The great kindnesses I received from M. de Guilleragus, your illustrious father, during my abode at Constantinople some years ago, are too fresh in my mind for me to neglect any opportunity of publishing what I owe to his memory. Were he still alive, for the welfare of France, and my particular advantage, I would take the liberty to dedicate this work to him, not only as my benefactor, but as a person most capable of judging what is fine, and inspiring others with the like sentiments. Every one remembers the wonderful exactness of his judgment;—the meanest of his thoughts had something in them that was shining, and his lowest expressions were always exact and nice, which made every one admire him; for never had any man so much wit and so much solidity. I have seen him, at a time when he was so much taken up with the affairs of his master, that nobody could expect any thing from him but what related to his ministry, and his profound capacity to manage the most knotty negotiations; yet all the weight of his employment diminished nothing of his inimitable pleasantness, which charmed his friends, and was agreeable even to those barbarous nations with whom that great man did treat. After the loss of him, which to me is irreparable, I could not address myself to any other person than yourself, Madam, since you alone can supply the want of him to me; therefore it is that I take the boldness to beg of you the same protection for this book that you was pleased to grant to the French translation of the seven Arabian stories that I had the honour to present you.
You may perhaps wonder, Madam, that I have not since that time presented them to you in print; but the reason of it is, that when I was about putting them to the press, I was informed that those seven stories were taken out of a prodigious collection of stories of the like sort, entitled "One thousand and one nights." This discovery obliged me to suspend the printing of them, and to use my endeavours to get that collection. I was forced to send for it from Syria; and have translated into French this first volume being one of the four that were sent me. These stories will certainly divert you, Madam, much more than those you have already seen. They are new to you, and more in number; you will also perceive, with pleasure, the ingenious design of this anonymous Arabian, who has given us these stories after the manner of his country, fabulous indeed, but very diverting.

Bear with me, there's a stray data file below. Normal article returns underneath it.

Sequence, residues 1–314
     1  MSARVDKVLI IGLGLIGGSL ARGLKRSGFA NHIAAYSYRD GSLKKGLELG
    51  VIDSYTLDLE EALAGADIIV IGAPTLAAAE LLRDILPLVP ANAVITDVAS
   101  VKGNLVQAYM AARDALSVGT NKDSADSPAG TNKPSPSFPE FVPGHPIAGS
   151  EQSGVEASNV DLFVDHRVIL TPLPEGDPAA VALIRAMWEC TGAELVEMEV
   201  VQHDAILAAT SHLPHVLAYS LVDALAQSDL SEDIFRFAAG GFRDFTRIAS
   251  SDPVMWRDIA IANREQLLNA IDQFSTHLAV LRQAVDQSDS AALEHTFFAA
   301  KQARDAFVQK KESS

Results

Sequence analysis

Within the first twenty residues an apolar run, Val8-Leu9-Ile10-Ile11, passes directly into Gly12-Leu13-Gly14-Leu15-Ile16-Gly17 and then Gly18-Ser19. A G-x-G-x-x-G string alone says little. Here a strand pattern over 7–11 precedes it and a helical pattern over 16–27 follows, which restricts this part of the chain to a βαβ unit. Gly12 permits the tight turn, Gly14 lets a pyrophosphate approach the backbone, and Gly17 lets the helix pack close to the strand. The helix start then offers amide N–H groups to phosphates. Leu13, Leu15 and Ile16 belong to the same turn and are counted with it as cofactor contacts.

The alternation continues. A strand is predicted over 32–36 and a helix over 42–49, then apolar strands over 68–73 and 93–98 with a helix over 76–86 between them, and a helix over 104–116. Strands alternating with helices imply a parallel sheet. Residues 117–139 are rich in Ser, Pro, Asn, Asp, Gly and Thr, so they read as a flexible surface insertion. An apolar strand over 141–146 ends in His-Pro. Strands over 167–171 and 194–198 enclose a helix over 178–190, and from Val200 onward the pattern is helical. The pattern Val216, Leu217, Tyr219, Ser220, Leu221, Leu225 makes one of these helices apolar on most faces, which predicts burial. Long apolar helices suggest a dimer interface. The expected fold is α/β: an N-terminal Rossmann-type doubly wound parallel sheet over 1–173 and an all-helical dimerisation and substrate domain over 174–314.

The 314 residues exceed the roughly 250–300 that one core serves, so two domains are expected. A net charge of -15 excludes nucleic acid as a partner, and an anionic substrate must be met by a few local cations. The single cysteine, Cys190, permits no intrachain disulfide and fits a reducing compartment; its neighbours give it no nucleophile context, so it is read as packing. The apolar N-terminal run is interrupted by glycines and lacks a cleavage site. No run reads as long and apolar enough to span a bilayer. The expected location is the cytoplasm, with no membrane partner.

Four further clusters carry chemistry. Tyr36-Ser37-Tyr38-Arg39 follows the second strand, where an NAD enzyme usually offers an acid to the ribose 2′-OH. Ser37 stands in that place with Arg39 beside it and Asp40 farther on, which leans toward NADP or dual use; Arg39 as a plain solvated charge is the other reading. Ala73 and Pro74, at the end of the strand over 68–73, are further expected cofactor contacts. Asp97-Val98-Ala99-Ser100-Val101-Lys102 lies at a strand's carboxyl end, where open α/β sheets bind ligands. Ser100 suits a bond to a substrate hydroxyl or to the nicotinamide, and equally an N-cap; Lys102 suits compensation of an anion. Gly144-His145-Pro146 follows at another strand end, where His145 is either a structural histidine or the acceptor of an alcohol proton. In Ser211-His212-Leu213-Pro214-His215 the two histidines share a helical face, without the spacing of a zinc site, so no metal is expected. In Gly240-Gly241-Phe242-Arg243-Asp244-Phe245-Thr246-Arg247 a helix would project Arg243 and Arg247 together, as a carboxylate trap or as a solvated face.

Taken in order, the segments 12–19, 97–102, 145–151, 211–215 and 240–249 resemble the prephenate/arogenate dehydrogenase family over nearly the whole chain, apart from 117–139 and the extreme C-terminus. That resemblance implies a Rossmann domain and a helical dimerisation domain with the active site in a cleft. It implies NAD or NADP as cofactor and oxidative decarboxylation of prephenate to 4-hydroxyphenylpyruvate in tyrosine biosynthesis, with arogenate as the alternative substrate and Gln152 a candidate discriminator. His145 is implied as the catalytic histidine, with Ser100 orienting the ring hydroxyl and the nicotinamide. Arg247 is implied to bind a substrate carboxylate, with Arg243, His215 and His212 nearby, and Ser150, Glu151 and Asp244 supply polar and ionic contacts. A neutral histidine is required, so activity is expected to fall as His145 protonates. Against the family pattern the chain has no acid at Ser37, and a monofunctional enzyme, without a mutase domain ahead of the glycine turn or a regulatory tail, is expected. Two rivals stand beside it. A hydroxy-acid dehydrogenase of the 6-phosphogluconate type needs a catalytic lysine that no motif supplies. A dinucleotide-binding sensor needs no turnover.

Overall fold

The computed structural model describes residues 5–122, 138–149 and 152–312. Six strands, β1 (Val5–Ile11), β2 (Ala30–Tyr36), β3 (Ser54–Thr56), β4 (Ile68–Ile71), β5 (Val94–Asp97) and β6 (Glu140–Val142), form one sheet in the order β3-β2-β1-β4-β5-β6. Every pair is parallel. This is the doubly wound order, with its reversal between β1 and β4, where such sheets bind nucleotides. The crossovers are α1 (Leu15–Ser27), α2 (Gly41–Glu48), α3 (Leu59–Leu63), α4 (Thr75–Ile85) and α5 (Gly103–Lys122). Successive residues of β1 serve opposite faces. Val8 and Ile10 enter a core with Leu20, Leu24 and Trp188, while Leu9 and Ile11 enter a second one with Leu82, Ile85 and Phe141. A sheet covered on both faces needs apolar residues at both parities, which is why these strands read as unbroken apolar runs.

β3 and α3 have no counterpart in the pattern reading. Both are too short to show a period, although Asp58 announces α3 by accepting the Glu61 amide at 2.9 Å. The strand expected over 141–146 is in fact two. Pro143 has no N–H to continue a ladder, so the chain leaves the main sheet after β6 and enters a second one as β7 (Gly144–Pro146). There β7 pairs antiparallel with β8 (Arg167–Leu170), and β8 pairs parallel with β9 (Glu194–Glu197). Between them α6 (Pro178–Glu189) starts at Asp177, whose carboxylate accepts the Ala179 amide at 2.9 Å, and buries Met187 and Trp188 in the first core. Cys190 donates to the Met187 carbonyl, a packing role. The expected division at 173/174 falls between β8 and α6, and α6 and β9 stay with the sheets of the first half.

I beg, Madam, your acceptance of this small present which I have the honour to make you; it is a public testimony of my acknowledgment of the profound respect with which I am, and shall for ever be,
Your most humble and most obedient servant,
There is no occasion to prepossess the reader with an opinion of the merit and beauty of the following work. There needs no more but to read it to satisfy any man, that hitherto nothing so fine of this nature has appeared in any language.
What can be more ingenious than to compose such a prodigious quantity of pleasant stories, whose variety is surprising, and whose connexion is so wonderful? We know not the name of the author of so great a work; but probably it is not all done by one hand; for how can we suppose that one man alone could have invention enough to make so many fine things?